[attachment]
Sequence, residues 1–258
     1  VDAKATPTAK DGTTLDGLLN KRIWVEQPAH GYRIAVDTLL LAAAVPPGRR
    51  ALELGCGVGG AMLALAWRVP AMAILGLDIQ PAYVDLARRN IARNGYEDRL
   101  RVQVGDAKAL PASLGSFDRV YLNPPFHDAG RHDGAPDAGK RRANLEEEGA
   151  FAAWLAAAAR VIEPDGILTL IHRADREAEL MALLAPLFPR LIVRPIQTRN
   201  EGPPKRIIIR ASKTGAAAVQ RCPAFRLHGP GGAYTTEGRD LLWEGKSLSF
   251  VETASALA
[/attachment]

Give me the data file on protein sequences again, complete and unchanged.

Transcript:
Sequence, residues 1–258
     1  VDAKATPTAK DGTTLDGLLN KRIWVEQPAH GYRIAVDTLL LAAAVPPGRR
    51  ALELGCGVGG AMLALAWRVP AMAILGLDIQ PAYVDLARRN IARNGYEDRL
   101  RVQVGDAKAL PASLGSFDRV YLNPPFHDAG RHDGAPDAGK RRANLEEEGA
   151  FAAWLAAAAR VIEPDGILTL IHRADREAEL MALLAPLFPR LIVRPIQTRN
   201  EGPPKRIIIR ASKTGAAAVQ RCPAFRLHGP GGAYTTEGRD LLWEGKSLSF
   251  VETASALA